True or False? Adding Fat to A Meal Will Ameliorate the Insulin Response

True or False? Adding Fat to A Carby Meal Lowers Insulin Response - SuppVersity: Nutrition and Exercise Science for Everyone

False. When you are browsing the Internet it is easy to get the impression that what is wrong or right is not determined by scientific evidence, but by the number of people who repeat it in their blogs, on their facebook walls and in their bulletin board contributions. The common "wisdom" that it would be a good idea to add some fat to a meal to reduce the insulin spike it will give you is one of those paradigms that remain intrinsically flawed no matter how often they are repeated.
Figure 1: Althoug the glucose AUC drops after the addition of fat (slowed absorption of glucose from the intestine), the amount of insulin (2ndary axis) that is needed to stash the glucose away is 8.5x higher (on a per unit base; cf. violet bar) and the absolute insulin response does not decrease at all in lean healthy men and women (Collier. 1983)
If you do take a look at what actually happens, when you add fat to a meal, it is yet not difficult to understand how that myth came about. Just like people don't understand that the GI of a certain carbohydrate source doesn't tell you much about it's effect on insulin, the fact that the addition of fat ameliorates the postprandial spike in glucose gets misinterpreted as "fatty meals are less insulinogenic than low fat meals". In fact, the addition of 50g of butter on top of the 50g of carbohydrates the 8 lean, weight stable men and women (N=4, each) consumed in form of potatoes, did not have any effect on the post-prandial insulin release at all.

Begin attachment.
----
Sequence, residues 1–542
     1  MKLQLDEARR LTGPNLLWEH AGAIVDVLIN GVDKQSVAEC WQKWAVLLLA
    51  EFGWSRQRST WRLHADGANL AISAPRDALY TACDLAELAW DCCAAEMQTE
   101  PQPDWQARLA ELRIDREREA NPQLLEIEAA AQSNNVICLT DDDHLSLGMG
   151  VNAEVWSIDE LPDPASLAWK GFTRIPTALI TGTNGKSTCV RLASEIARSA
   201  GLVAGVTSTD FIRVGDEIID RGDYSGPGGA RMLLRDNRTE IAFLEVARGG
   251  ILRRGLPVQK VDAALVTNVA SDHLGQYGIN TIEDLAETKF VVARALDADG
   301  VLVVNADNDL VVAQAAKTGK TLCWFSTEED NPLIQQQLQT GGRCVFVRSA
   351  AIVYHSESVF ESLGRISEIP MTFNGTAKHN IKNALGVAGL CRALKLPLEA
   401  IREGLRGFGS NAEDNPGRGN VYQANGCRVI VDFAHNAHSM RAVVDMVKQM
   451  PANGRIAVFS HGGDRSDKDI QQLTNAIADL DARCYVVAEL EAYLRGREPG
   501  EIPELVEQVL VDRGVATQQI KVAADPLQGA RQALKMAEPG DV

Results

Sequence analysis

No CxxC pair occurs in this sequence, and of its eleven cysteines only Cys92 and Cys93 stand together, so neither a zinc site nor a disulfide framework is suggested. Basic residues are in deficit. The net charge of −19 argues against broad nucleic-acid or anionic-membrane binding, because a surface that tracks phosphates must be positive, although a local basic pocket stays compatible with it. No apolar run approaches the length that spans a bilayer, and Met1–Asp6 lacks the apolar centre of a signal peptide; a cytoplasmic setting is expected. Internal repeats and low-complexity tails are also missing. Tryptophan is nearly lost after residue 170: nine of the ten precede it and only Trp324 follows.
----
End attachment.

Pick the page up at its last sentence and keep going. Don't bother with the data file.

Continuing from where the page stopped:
GIP Or Not GIP - That is the Question: "Fat intake, in addition to ingestion of carbohydrate, stimulates GIP release. Therefore, during a mixed meal GIP might act to promote the storage of both triglyceride and glucose indirectly via the release of insulin." (Kieffer. 2003)
The amount of the fat storage peptide GIP (learn more), on the . Therefore, Collier and O'Dea are 100% right, when they state in the conclusion of their 1983 paper that...
"despite the apparent improvement in glucose tolerance when carbohydrate is ingested together with fat, the accompanying potentiation of insulin secretion could form the basis of long-term changes in insulin sensitivity which accompany alterations in dietary fat intake." (Collier. 1983)
You may want to remember that, whenever you feel inclined to add a ton of bacon on top of your sweet potatoes in the false believe that this would "mitigate" the effects of the carb-laden tubers the insulin response.

This obviously does not change the fact that having some fat in a meal does have the added benefit of increasing GLP-1 and PYY levels and thus contributing to a longer satiety effect (eg. Knut. 2008)